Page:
Rabbi Arthur Waskow, founder of The Shalom Center in Philadelphia, provides an incisive midrash in his most recent Shalom Report, titled Bitter Waters – 3,000 Years Ago & Now; From the Sinai Wilderness to Flint of Michigan on Exodus 15:23-24. Below is his essay:
These past two weeks, an ancient and a modern tale of bitter, poisonous waters suddenly rang together as an alarm and an awakening. Right now: We have been learning about the horrifying and disgusting behavior of the government of Michigan, turning off the pipes bringing pure water from Lake Huron to the mostly Black citizens of the city of Flint and instead sending poisonous waters to Flint. (The Governor, Rick Snyder, is no Tea Party type, but a fairly typical “establishment” Republican businessman — anti-labor, anti-choice for women, anti-Syrian-refugees, and contemptuous of pleas from the Black folks of Flint to end the poisoning of their children.)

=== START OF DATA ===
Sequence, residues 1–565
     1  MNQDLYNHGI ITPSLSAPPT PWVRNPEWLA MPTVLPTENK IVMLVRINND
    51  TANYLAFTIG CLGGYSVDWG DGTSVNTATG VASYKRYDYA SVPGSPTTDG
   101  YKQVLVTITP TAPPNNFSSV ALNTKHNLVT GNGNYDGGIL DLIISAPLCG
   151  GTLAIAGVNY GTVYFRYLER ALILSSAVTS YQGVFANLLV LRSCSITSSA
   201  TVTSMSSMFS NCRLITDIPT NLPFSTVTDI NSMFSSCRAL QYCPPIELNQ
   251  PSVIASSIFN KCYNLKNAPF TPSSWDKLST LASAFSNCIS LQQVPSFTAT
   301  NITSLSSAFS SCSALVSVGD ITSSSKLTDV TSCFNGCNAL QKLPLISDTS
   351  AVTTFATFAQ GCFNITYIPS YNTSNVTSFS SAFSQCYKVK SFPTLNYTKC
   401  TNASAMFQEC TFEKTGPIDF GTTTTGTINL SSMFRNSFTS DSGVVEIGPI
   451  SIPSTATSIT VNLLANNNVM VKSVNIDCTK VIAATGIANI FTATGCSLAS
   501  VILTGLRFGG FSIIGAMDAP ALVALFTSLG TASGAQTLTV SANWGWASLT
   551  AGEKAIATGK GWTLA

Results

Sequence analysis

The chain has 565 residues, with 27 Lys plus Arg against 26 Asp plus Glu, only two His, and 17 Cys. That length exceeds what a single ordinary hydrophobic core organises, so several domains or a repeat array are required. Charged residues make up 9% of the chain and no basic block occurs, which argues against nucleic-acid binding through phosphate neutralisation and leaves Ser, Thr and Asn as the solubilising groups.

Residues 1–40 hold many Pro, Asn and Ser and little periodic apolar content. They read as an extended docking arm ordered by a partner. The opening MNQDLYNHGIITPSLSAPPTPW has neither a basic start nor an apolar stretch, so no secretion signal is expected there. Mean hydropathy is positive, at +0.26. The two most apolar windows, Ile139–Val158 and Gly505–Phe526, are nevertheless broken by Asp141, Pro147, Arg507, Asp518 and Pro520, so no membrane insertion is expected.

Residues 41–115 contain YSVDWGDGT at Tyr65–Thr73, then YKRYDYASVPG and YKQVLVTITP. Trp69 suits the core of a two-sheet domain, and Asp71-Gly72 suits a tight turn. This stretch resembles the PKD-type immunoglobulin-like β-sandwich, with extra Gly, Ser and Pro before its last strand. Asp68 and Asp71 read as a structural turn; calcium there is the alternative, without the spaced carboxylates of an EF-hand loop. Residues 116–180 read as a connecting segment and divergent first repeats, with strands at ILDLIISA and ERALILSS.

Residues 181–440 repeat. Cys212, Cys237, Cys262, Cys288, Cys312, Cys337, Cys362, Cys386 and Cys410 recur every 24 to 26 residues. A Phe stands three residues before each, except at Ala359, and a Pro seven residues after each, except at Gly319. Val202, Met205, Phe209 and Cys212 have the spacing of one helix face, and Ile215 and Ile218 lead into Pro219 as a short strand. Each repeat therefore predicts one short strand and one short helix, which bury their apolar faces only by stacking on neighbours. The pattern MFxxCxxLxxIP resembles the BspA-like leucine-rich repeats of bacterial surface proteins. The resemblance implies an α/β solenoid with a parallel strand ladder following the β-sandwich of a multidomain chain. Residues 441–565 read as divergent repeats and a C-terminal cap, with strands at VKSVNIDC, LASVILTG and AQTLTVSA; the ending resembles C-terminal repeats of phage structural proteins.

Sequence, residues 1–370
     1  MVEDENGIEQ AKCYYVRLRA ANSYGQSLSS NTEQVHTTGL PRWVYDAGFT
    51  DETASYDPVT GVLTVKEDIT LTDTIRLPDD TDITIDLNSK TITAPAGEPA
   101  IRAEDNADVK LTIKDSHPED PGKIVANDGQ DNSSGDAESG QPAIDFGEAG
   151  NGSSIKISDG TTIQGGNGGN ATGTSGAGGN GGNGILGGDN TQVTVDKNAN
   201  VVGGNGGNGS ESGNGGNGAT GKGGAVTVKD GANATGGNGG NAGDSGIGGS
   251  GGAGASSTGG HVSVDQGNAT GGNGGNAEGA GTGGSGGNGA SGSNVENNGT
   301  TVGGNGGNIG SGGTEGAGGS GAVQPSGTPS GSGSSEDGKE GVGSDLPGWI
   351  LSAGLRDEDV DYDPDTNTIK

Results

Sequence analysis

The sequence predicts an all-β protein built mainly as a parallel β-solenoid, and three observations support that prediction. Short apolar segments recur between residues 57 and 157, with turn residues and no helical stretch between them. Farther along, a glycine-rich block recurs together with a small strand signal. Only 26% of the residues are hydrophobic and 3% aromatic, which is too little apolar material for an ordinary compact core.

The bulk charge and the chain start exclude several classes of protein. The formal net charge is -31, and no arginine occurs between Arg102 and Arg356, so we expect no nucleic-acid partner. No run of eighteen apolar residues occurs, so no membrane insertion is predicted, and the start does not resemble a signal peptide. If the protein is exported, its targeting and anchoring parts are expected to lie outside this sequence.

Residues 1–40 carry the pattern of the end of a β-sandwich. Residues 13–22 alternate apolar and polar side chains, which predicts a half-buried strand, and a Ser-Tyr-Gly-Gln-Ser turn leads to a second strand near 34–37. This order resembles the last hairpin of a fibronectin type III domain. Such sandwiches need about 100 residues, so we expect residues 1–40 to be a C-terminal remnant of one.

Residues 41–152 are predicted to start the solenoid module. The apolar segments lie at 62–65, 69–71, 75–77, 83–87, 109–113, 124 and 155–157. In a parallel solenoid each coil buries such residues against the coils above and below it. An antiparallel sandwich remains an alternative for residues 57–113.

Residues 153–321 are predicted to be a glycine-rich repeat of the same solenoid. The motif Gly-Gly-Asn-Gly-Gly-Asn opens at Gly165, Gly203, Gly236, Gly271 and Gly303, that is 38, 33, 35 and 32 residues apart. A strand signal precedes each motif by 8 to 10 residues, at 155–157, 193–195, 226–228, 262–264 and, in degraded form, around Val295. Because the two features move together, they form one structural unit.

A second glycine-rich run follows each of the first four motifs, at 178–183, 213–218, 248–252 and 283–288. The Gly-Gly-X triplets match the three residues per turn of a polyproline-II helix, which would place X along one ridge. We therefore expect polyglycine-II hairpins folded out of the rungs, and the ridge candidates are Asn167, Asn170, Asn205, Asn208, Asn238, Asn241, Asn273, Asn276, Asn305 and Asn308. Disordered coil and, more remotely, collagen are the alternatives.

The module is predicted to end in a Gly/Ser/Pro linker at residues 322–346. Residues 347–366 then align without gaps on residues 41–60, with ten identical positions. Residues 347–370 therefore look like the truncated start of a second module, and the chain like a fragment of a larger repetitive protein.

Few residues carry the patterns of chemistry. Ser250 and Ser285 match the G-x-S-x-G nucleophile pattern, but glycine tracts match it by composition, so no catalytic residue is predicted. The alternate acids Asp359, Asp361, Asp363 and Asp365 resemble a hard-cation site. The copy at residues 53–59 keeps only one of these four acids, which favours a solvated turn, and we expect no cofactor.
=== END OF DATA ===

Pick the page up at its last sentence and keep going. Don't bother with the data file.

So the bitter waters came: Waters that stank and were colored brown and green, waters that caused rashes and boils to spring up on the skins of those who had to drink it. Waters infused with lead, which is well-known to permanently and irreversibly damage the brains of young children. Long long ago: The age-old Torah telling that we read this past Shabbat was the story of how ancient Israel crossed the Red Sea while Pharaoh’s power dissolved and his army drowned there. Just a few days later, according to the story, they protested because they had no water fit to drink. What connects these two events?